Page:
The disappearance of the 5-cent ice cream cone
When I was a small boy, my mother would give each of us kids a nickel to purchase a good-sized ice cream cone at the parlor near by. Yes, a nickel. Now it would cost $1.50. In 1968, I purchased a new Camaro for $2,700. Today it might cost 10 times as much.
What happened to our money supply? If I had put the nickel under the mattress to spend today it would not pay for the empty cone. Likewise, had I done the same thing with the $2,700, it may not cover the 7.5 percent California state sales tax rate on the automobile. This loss of purchasing power, which some refer to as “legalized plunder,” takes place as central bankers, through the Federal Reserve, decide the value of your money.
Young employees may not notice legalized plunder as, given time and experience, they generally move up through the salary grades. But even then if a salary raise does not exceed the expansion of the money supply, it is but a false raise. Those on fixed incomes - and no longer able to climb the economic ladder - feel robbed when their money does not purchase what it did when they earned it.
The Founding Fathers experienced the baneful effects of the government's reducing the value of its citizens' money when, during the American Revolution, the value of the dollar fell to 7 cents. So in the Constitution they removed the likelihood of that happening again. Article I, Section 8 gives Congress the power to “coin money, regulate the Value thereof, and of foreign coin…” and Article IV, Section 10 directs, “No state shall…make any Thing but gold and silver Coin a Tender in Payment of Debts…” Congress, not a central bank, would keep a tight rein on the value of the people's money by authorizing only gold and silver as money.
Thomas Jefferson believed that the “hard [sound] money view”- gold and silver - would be eroded by the creation of a national bank. He wrote: “The incorporation of a bank and the powers assumed have not, in my opinion been delegated to the United States by the Constitution. They are not among the powers specially enumerated.” A Central Bank, he noted, had specifically been opposed in the Constitutional Convention. Alexander Hamilton, Secretary of the Treasury, wanted the federal government to have the power of an elastic money supply, believing it to be an appropriate function of government although not specifically enumerated; hence the Bank of the United States was created.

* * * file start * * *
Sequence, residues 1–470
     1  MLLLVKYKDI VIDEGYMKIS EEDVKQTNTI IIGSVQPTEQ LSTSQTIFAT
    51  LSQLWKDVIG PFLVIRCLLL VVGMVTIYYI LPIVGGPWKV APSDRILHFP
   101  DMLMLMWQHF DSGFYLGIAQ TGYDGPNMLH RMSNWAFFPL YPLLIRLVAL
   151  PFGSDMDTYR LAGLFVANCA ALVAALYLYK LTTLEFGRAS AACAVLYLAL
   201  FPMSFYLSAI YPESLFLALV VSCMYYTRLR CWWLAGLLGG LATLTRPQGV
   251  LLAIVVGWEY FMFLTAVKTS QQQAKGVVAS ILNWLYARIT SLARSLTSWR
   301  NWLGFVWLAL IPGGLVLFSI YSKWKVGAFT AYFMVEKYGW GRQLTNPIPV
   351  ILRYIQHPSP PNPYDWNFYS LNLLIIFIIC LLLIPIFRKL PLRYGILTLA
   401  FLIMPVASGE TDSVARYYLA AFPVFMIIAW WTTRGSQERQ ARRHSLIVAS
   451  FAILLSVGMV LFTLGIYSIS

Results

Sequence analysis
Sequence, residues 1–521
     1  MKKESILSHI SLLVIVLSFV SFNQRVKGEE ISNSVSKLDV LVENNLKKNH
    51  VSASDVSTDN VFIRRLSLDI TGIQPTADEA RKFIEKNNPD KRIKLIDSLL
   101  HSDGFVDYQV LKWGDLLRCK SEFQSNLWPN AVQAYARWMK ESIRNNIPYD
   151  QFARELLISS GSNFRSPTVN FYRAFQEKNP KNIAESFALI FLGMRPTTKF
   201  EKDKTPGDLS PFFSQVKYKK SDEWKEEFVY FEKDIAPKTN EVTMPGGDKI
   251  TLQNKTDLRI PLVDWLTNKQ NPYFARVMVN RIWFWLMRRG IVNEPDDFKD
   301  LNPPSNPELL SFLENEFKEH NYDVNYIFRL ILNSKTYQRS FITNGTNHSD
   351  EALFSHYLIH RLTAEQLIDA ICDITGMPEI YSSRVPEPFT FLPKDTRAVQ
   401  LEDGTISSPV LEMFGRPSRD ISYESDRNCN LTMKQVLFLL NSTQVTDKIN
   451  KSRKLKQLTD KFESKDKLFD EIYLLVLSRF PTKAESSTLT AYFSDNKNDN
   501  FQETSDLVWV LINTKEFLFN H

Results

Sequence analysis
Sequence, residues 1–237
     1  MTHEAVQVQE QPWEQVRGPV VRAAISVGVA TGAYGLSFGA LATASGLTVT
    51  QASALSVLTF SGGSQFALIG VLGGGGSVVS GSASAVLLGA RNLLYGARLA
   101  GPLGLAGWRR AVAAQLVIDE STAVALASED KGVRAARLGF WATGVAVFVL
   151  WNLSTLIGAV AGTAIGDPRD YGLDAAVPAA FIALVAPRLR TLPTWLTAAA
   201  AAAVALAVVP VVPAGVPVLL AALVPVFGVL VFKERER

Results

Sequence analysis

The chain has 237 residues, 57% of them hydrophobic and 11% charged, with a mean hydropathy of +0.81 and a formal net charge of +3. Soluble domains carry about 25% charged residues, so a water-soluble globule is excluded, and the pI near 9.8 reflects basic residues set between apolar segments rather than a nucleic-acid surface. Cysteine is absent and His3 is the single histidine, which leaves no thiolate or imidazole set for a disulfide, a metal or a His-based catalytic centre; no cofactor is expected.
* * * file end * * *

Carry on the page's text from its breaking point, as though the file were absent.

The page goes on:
Thus began the battle between the two points of view.
The establishment of a national bank encouraged paper money and the resultant expansion and contraction of money, which brought on both the Panic of 1819 and Depression of 1837. Andrew Jackson, supported by the presidents immediately after him, opposed central banking and removed it.
Jackson saw the national bank as “dangerous to the liberty of the American people because it represented a fantastic centralization of economic and political power under private control.” He wrote, “It is to be regretted that the rich and powerful too often bend the acts of government to their selfish purposes...” And, “Many of our rich men have not been content with equal protection and equal benefits, but have besought us to make them richer by act of Congress.” The nation returned to the only constitutionally recognized money as being gold and silver.
The expansion-money issue arose again with Abraham Lincoln, who encouraged the National Currency Acts. These allowed the government to back the Civil War by printing more money, which reduced the value of money not immediately spent. The unsecured money supply ballooned to 137.9 percent, and prices rose by 110.9 percent.
Grover Cleveland was the last president to insist that, at the very least, paper money had to be backed by gold - the gold standard.
After the turn of the century it seemed that neither party cared. Henceforth, money was what government said that it was worth. In 1913, Woodrow Wilson created the Federal Reserve, largely a private entity, to take over all money issues. Wilson and his predecessors (Theodore Roosevelt and William Howard Taft) and his later successor (Franklin Roosevelt) were big on creating fiat money.
Presidents Dwight D. Eisenhower, John F. Kennedy and Lyndon Johnson each heavily inflated the dollar, thus participating in legalized plunder.
Under Richard Nixon the dollar was no longer redeemable in gold. In just four years, Jimmy Carter reduced the value of individual savings by 8.5 percent.
The policies of George W. Bush also drastically affected the cost of living, as so have those of Barack Obama. In the last 14 years prices have at least doubled.
So, should you wonder why ice cream cones are not still 5 cents and Camaro automobiles $2,700, it is because both parties have opted to ignore constitutional safeguards and fund their spending sprees for welfare or warfare out of the pockets of those who merely choose to delay their spending. This is called legalized plunder.
Dr. Pease is a specialist on the United States Constitution and its application to current events. He has taught history and political science for more than 25 years at Taft College. To read more of his weekly articles, go to libertyunderfire.org.
(Posted 7/1/15; Opinion: General)
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